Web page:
Kootenai Tribe of Idaho

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The Kootenai Tribe of Idaho is a federally recognized tribe indigenous to the Northwest Plateau.

Official Tribal Name: Kootenai Tribe of Idaho

Address:  PO Box 1269, Bonners Ferry, ID 83805
Phone: 208-267-3519
Fax: 208-267-2960
Email:

Official Website: www.kootenai.org

Recognition Status: Federally Recognized

Traditional Name / Traditional Meaning:

Common Name / Meaning of Common Name:

The Kootenai Tribe of Idaho is named after the Kootenay (Canadian spelling) or Kootenai (U.S. spelling) River, a major river in southeastern British Columbia, Canada and the northern part of the U.S. states of Montana and Idaho.

Alternate names / Alternate spellings / Mispellings: The Kootenai River used to be called the Flatbow. Alternate spelling:Kutenai

Name in other languages:

Region: Plateau

State Today: Idaho

Traditional Territory:

The Kootenai people lived along the Kootenai River in Idaho, Montana, and British Columbia.

Confederacy: Salish 

Treaties:

Source: US Government via Wiki Media Commons
Bonner's Ferry along the Kootenai River
Town of Bonners Ferry along the Kootenai River 

Reservation: Kootenai Reservation and Off-Reservation Trust Land

The Kootenai Reservation was first established in 1896. After subsequent land loss, the reservation was re-established in 1974. 
Land Area: 3,985-acres 
Tribal Headquarters:   Bonners Ferry, Idaho
Time Zone: Pacific

Tribal Flag:

Chief Three Moons, a former chief and legendary leader of the people, is represented by the drawing of three moons.

The tribe has status as a non-treaty nation, depicted by the empty arrow quiver, an unsigned treaty and another shield to show perpetuity.

Tribal Emblem:

The nation’s ongoing relationship with the State of Idaho is shown by the state map wrapped in a red ribbon with Kootenai Tribe of Idaho inscribed on the ribbon.

The seven bands of the Kootenai Nation are represented by seven feathers. They depict the Kootenai Tribe of Idaho, the Lower Kootenai Band in Creston, B.C., the St. Mary’s Band in Cranbrook, B.C., the Columbia Lake Band in Windermere, B.C., the Sushwap Band in Invermere, B.C., the Tobacco Plains Band in Grasmere, B.C. and the Confederated Salish and Kootenai Tribe in Elmo, Montana.

Population at Contact:

Registered Population Today: 67 in 1974.

Tribal Enrollment Requirements:

Genealogy Resources:

Government:

Charter:  
Name of Governing Body: Kootenai Tribal Council 
Number of Council members:  Three general Tribal Council members, two alternate Tribal Council members plus the executive officers
Dates of Constitutional amendments:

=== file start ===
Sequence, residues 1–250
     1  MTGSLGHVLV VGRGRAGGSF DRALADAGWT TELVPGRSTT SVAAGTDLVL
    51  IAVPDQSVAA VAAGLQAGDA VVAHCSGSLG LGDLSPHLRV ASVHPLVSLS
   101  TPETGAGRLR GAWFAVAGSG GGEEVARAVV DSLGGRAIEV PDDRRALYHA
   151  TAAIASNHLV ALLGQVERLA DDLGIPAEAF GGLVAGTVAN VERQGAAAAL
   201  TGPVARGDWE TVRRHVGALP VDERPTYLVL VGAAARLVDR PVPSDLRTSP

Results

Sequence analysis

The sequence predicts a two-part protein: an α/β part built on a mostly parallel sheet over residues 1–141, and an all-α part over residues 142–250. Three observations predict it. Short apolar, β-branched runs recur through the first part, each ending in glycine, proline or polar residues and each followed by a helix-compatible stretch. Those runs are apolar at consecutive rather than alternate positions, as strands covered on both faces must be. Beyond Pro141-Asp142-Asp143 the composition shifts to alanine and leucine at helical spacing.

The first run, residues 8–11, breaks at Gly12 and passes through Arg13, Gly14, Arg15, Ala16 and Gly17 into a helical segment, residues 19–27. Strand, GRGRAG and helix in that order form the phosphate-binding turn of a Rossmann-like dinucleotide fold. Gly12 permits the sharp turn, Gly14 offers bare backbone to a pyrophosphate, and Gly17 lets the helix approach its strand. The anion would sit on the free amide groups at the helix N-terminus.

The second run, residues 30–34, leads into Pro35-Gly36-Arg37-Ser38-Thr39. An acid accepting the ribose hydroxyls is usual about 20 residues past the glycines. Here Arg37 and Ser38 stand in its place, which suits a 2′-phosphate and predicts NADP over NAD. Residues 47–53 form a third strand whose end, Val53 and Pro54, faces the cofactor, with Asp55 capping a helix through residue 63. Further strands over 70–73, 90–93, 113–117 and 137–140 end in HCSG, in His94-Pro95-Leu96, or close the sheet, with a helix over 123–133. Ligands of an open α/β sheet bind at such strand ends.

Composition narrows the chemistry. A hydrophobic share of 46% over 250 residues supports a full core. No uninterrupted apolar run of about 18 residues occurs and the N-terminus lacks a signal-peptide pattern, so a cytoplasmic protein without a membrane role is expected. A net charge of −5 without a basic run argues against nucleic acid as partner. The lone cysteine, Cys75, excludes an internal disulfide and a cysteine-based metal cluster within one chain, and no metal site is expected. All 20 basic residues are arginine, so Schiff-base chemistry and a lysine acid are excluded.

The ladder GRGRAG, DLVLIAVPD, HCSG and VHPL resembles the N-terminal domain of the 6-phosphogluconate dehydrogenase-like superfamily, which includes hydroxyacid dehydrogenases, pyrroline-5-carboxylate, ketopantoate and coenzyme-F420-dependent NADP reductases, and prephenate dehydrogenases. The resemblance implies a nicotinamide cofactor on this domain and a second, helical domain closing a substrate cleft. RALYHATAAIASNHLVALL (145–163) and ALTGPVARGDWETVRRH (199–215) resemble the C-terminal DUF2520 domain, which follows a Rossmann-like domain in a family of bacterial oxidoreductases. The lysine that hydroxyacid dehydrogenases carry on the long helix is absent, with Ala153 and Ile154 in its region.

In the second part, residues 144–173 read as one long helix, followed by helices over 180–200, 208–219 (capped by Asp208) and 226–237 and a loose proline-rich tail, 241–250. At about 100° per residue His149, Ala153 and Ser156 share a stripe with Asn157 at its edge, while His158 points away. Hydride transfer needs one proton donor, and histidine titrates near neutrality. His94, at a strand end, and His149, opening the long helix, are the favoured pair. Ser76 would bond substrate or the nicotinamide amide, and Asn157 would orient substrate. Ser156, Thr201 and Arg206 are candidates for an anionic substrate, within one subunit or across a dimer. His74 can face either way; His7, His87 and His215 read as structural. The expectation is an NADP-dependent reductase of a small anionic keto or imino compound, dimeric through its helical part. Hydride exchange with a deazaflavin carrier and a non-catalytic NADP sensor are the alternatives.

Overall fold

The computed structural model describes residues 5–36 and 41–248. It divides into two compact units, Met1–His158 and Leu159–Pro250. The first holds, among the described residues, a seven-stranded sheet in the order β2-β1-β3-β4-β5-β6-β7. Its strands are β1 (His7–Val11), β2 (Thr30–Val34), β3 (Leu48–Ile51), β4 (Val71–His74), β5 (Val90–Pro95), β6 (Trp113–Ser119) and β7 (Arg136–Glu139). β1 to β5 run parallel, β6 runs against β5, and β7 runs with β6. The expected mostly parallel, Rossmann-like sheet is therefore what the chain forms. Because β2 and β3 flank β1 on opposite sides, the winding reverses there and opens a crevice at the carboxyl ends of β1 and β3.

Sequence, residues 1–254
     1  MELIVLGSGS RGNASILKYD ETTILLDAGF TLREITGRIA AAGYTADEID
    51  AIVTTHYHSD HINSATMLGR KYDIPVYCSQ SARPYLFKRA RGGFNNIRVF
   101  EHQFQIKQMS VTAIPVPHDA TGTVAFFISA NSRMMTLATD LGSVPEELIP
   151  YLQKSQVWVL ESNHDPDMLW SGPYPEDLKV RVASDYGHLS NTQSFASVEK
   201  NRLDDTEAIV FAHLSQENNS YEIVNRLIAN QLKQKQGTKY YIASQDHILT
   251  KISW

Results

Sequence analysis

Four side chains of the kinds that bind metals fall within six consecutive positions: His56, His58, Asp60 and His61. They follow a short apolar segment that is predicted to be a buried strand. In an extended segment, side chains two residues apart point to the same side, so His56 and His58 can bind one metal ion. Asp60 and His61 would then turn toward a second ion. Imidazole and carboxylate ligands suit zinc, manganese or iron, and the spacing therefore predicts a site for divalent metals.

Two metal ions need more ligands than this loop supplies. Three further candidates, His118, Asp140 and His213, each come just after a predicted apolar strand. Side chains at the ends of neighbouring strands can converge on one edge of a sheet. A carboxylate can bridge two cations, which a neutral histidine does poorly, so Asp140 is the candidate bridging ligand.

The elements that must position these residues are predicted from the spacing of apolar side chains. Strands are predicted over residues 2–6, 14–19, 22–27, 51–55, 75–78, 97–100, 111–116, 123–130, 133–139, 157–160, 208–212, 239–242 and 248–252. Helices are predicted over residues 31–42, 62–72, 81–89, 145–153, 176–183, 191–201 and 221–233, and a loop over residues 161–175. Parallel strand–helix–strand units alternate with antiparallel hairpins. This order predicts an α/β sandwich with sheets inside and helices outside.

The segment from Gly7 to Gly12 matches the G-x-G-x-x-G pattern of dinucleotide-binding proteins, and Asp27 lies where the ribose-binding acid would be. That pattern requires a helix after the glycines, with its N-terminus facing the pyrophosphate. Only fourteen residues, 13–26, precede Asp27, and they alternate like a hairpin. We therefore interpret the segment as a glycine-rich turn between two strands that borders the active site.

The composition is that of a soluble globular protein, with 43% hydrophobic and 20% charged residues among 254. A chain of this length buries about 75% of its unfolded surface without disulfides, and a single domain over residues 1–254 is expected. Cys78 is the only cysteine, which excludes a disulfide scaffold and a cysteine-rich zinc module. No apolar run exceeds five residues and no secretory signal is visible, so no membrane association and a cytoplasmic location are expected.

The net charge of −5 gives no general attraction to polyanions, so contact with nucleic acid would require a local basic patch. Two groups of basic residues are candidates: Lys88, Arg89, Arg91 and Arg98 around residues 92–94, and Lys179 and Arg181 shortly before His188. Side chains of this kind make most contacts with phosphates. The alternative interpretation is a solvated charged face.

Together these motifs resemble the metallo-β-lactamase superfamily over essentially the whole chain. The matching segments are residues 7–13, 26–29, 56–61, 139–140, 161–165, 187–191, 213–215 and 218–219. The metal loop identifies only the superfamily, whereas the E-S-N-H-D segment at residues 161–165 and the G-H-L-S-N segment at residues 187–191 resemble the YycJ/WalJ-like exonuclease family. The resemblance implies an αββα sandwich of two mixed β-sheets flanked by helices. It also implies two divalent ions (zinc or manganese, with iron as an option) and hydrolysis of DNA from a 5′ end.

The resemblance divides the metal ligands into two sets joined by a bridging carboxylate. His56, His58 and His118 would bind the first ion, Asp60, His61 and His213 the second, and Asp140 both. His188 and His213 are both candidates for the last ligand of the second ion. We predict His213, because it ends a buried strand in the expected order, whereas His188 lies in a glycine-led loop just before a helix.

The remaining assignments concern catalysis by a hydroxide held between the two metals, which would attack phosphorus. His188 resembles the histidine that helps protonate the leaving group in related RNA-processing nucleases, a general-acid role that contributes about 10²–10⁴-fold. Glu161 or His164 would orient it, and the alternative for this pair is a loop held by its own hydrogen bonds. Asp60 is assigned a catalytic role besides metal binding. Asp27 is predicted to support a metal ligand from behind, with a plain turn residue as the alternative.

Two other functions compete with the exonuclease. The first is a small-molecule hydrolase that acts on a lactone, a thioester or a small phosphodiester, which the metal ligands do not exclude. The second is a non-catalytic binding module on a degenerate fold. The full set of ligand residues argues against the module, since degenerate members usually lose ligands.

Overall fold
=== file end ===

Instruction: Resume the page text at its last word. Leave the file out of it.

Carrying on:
Number of Executive Officers:  Chairman, Vice-Chairman, Secretary and Treasurer

Elections:

The Kootenai Tribe of Idaho is divided into three districts based on family groups. Members of the Kootenai Tribal Council are selected from the districts from which they are members. Elected officials serve a four-year term.

Language Classification: Kutenai

The Kutenai language is a language isolate, meaning it isn’t related to any other languages.

Language Dialects:

Number of fluent Speakers:

Dictionary:

Origins:

Bands, Gens, and Clans

Related Tribes:

Other Kootenai people, Flatheads, Kalispel people. 
Confederated Salish and Kootenai Tribes of the Flathead Nation

Traditional Allies:

Traditional Enemies:

Warfare for the southern Coast Salish was primarily defensive, with occasional raiding into territory where there were no relatives.

The common enemies of all the Coast Salish for most of the first half of the 19th century were the Lekwiltok aka Southern Kwakiutl, commonly known in historical writings as the Euclataws or Yucultas.

Regular raids by northern tribes, particularly an alliance between the Haida, Tongass, and one group of Tsimshian, are also notable. With earlier access to European guns through the fur trade, they raided for slaves and loot. Their victims organized retaliatory raids several times, attacking the Lekwiltok.

Ceremonies / Dances:

Sun Dance 

Modern Day Events & Tourism:

Legends / Oral Stories:

Art & Crafts:

Animals:

Clothing:

Housing:

Winter villages had cone-shaped houses made from wooden poles and rush mats.

Subsistance:

The Kootenai people were hunter-gatherers who relied heavily on the salmon runs. They also harvested many kinds of berries and roots. Camas roots, which can be prepared like a potato or ground into a flour, were important foods.

Economy Today:

Reservation industries include timber, tourism, and selling sand and gravel. The tribe also owns a sturgeon hatchery.

The Kootenai Tribe built the Kootenai River Inn in Bonners Ferry, Idaho in 1986. It is now the Kootenai River Inn Casino and Spa, and also has the Springs Restaurant, Casino Deli, the Kootenai Day Spa, and a gift shop.

Religion & Spiritual Beliefs:

Quilxka Nupika, the supreme being or Creator God

Burial Customs:

Wedding Customs

Radio:  

Newspapers:  

Famous Kootenai Chiefs and Leaders:

Catastrophic Events:

Tribe History:

In 1855 the tribe refused to sign a treaty with the US government that would require them to cede their aboriginal lands in Idaho and consolidate with several other smaller tribes in Montana. The Dawes Act broke up tribal land holdings into individual allotments.

Due to illegal land loss, the tribe was awarded $425,000 in a land claims settlement in 1960.

On 20 September 1974, the members of the Kootenai Tribe formally declared war on the United States seeking federal recognition. They did not engage in violence, and, by calling attention to their situation, the tribe was deeded 12.5 acres

In the News:

Further Reading: